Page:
so i set out to figure out if Wine was going to cut it for office and adobe cs.
the short answer is i’m several hours into this experiment and i’ve booted back into windows after having thrown in the towel.
the somewhat longer answer is this: i’m sure i could get the adobe and office products to install if i spent enough time futzing with them. i found and tried various tricks and hacks and ultimately for office got to the documented error of getting 2/3 through the install before it crashes. (apparently it runs fine if it was installed on a different version. however, the different version that would be functional is not the 1.0.1 that ships with the latest ubuntu, and not the 1.1.20 which is the most recent wine — it’s somewhere in between 1.1.13 and 1.1.17 and i didn’t spend the time futzing with older versions to try to get it to work.) there were a few workaround/hacks and i was trying them, but one of them was sketchy (download dlls from random site with popups) and one of them required me to download CrossOver Games, which required an email, which i couldn’t really get since i didn’t have office installed and i didn’t really want to set up Evolution just for one email. and my gmail inbox is inundated with thousands of messages now since i’ve switched to using outlook via pop3.
in the process, i learned a few things: pidgin has a plugin for facebook chat. there’s a very nice osx dock-like window manager from google called avant. you can now write to an NTFS file system — a previously impossible feat in linux, which really opens the doors a huge amount in ways that don’t really translate well into non-geek-speak, but basically means that you can now save stuff on your windows side of things (which means, among other things, that you don’t need to reserve nearly as much space for your linux install since you can now use your windows partitions natively — see, non-geek-speak-untranslatable…). also, my desktop resolution was matched 1:1 when i booted to linux — previously, in other installs, i had to downgrade to a lower res because it wouldn’t handle the higher display. either my graphics card is better, the nvidia graphics driver is better, or there’s some other magic going on that makes the hardware more supportable. whatever the reason, it not only displayed at my 1440 x 900 display but recognized the type of monitor i was using (considering that not all monitors identify themselves and even windows defaults to “generic plug and play monitor” about 90% of the time, i was impressed).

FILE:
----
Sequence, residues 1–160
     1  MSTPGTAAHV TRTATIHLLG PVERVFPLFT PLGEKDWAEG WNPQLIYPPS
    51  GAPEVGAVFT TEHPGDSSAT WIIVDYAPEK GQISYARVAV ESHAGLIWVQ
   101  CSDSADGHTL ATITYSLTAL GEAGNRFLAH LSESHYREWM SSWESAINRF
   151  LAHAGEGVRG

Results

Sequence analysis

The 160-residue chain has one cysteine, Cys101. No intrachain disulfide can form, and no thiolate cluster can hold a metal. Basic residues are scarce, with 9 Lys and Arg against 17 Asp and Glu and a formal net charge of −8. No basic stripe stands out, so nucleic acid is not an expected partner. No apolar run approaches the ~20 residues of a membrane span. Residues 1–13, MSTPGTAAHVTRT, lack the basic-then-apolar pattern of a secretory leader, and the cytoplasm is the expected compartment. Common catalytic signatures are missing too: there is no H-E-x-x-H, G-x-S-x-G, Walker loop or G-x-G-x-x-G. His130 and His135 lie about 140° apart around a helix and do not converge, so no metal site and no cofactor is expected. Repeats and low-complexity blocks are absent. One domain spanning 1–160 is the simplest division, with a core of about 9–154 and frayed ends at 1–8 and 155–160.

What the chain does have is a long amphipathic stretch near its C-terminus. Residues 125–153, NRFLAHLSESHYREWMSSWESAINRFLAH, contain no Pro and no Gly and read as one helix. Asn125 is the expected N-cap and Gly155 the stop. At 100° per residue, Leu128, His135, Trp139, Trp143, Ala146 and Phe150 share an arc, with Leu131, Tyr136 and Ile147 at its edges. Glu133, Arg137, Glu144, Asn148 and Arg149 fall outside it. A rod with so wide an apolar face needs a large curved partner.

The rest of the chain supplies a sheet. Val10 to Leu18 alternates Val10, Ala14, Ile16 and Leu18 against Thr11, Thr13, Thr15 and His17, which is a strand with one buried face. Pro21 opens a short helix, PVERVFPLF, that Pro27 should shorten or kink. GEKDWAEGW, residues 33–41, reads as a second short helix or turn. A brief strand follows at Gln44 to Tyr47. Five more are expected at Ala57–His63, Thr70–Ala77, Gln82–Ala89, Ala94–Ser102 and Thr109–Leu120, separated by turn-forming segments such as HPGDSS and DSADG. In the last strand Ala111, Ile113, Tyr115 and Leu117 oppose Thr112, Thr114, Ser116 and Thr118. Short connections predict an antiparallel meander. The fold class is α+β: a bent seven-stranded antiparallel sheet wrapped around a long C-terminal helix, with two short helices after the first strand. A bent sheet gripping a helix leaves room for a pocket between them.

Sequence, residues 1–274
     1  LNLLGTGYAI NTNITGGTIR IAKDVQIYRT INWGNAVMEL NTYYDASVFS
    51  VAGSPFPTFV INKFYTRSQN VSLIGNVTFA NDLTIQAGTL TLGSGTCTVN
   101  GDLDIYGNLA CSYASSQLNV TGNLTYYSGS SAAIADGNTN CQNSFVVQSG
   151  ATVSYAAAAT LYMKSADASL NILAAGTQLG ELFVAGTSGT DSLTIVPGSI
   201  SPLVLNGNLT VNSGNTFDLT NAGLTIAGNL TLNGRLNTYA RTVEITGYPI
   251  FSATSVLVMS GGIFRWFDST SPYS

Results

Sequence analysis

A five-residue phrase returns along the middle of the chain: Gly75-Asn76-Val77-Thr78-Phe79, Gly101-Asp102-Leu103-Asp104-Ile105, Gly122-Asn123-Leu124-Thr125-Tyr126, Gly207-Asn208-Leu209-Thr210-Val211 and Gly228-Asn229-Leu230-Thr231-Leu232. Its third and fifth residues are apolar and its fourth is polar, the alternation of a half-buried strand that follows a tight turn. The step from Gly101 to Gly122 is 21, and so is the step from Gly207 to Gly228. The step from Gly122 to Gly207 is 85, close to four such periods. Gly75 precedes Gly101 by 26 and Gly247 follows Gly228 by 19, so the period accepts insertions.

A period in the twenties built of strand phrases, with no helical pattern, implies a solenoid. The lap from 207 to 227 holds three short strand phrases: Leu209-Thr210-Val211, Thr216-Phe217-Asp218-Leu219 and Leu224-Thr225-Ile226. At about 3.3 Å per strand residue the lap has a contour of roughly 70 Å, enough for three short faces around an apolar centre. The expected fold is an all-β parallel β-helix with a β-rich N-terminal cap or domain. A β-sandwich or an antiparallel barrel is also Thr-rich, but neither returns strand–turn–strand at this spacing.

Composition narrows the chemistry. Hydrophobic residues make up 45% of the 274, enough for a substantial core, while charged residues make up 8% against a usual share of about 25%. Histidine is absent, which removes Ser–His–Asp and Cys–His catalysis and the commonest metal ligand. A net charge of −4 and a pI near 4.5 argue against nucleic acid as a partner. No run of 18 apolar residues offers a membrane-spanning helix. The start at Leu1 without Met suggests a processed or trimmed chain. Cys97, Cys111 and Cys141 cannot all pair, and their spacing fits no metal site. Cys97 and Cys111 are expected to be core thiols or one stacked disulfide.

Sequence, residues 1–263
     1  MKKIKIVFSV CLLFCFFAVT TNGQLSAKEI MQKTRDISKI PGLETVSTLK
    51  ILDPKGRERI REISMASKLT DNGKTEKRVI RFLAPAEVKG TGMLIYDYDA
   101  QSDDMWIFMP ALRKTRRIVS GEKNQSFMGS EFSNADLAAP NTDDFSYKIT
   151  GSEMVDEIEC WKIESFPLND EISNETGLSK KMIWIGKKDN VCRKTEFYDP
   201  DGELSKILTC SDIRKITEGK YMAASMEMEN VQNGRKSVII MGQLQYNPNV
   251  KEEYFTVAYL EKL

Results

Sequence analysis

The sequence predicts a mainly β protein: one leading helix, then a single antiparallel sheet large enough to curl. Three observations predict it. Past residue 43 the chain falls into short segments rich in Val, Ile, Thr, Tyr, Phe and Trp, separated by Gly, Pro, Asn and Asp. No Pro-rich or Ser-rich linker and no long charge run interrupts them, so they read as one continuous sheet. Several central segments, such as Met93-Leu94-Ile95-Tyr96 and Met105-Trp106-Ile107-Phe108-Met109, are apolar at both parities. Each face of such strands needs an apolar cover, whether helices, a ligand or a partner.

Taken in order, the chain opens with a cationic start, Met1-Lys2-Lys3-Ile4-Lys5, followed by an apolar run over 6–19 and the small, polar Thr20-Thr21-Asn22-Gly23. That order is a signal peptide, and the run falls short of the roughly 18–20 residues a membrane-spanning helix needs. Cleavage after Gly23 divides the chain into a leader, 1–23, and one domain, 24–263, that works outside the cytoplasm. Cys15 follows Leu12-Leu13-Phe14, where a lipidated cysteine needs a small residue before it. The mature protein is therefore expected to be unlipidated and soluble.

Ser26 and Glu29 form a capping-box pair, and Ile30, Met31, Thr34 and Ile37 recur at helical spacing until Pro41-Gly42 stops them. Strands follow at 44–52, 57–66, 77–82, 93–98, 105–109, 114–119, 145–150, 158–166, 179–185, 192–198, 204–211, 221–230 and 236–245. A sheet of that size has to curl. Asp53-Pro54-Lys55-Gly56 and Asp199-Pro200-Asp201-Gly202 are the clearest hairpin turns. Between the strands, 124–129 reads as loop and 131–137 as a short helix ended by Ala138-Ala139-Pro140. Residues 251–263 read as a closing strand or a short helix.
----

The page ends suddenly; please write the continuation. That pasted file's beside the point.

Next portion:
as i’m typing, i’m wondering if it may be possible to export my entire registry (or at least just the keys that apply to office and creative suite) and import them into the Wine registry and run my already installed versions that way. and maybe i’ll try that. eventually. for now, running windows is a necessary evil, still, for graphic design. now all you mac addicts will throw your arms in the air and gape about what kind of freak would use windows for design rather than a mac. well, i’m not arguing with you — but the kind of freak that would do that is the kind of freak who would rather spend $600 and build his own, custom, kickass system rather than dropping $2500 for a mac pro. period. i would really like to try photoshop under linux, to see how well it handled memory allocation and if it’s more/less likely to crash when dealing with large files. and really, dreamweaver isn’t all that irreplaceable, there’s plenty of other options under linux that would do just as well. but that will, alas, have to wait.